Workforce reductions have become commonplace as companies look for ways to decrease their costs and reallocate resources. In fact, BLS stats show that there were 1.7 million layoffs and discharges in December 2014. It’s not an easy process for all parties involved — the people leaving the job, the people still working and the managers who need to keep things moving forward. Layoffs send morale spiraling and many times they send employees heading for the door.
Most managers agree that layoffs are one of the most difficult workplace issues they deal with. In tech, with unemployment near 3 percent you may not think it’s something you need to be concerned with, but money problems happen to even the largest of tech companies and when they do you can be sure that laying off employees is an option they consider.
Pamela Rucker, co-chair for Women in Leadership at the CIO Executive Council (a sister company of CIO.com) details one of her experiences working as an outsourcer to a company that was going through debilitating layoffs:
“It was so bad that we knew that when we showed up at work and there were police cars parked in the front, that people were being laid off that day. We just didn’t know who would be going. Everyone’s nerves were raw, and it became increasingly difficult to stay focused at work.”
So what can you do as a manager to keep things on track and moving forward? Step 1 is to get as much information as you can before speaking to your people. You have to understand that your workers will have questions and although you may not be able to answer all of them either because you don’t know or can’t tell, you should have as much of the right information as possible to help quell rumors.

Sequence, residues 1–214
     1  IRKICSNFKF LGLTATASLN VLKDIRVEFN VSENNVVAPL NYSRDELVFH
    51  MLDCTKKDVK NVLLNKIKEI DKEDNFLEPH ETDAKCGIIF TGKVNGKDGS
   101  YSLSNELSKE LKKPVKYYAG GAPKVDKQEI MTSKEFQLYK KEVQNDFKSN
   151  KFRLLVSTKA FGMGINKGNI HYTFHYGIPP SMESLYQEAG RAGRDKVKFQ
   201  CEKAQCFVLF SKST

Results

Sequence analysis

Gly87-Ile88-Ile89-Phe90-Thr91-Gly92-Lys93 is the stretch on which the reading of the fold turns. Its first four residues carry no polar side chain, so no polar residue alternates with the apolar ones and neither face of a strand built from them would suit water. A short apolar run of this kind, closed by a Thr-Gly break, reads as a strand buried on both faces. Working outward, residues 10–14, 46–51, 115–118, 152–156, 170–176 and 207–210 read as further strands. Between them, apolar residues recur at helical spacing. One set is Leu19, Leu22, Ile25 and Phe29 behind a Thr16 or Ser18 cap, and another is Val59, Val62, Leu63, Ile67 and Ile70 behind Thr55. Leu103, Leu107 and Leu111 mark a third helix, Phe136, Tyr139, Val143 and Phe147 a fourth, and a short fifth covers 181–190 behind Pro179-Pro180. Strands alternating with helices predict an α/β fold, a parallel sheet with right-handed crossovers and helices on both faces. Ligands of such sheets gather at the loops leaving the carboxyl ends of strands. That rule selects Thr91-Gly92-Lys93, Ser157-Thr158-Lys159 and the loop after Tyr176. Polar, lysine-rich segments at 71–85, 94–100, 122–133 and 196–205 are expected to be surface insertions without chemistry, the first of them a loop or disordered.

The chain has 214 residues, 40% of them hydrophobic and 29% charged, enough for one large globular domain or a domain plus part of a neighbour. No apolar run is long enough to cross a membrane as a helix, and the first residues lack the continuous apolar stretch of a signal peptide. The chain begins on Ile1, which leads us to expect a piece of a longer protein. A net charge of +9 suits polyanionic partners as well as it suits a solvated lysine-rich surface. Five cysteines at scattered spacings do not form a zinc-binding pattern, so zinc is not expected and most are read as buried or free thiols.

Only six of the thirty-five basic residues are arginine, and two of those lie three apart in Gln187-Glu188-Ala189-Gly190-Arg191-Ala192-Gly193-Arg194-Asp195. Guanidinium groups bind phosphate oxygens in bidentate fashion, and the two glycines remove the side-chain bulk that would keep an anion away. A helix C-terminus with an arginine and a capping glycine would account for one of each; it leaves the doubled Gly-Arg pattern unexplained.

“I attempt to pause, to make sure I know what’s happening and why. I speak up in leadership meetings and ask questions where necessary, especially the ones I think my team will want answers to. Having all the right information before you start to talk about it is key, since you don’t want several different versions of the truth floating around that all contradict each other,” Rucker says.
Rumors and speculation are sure to be afoot so sharing as much as you can will help put much of that to rest. “When I was a senior leader during layoffs, I saw how that same feeling of being demoralized was threatening to derail the team. There were lots of rumors circulating about who might be let go, what types of packages might be given, what packages wouldn’t be given, and how tough the job market was in the city. It seemed to be all that people talked about,” says Rucker.
Be as Transparent as You Can
Experts agree that communication is paramount to allaying fears and keeping employees focused. “The first and most crucial action is open and honest communication with your team. In order to lead effectively you have to be trusted by your team. Share as much information as you can and allow your team to ask questions. This will stop the corporate rumor mill in its tracks and allow you to take control over the message that inevitably comes out regarding the layoffs,” says Matt Brosseau, CTO at IT staffing and recruiting firm Instant Alliance.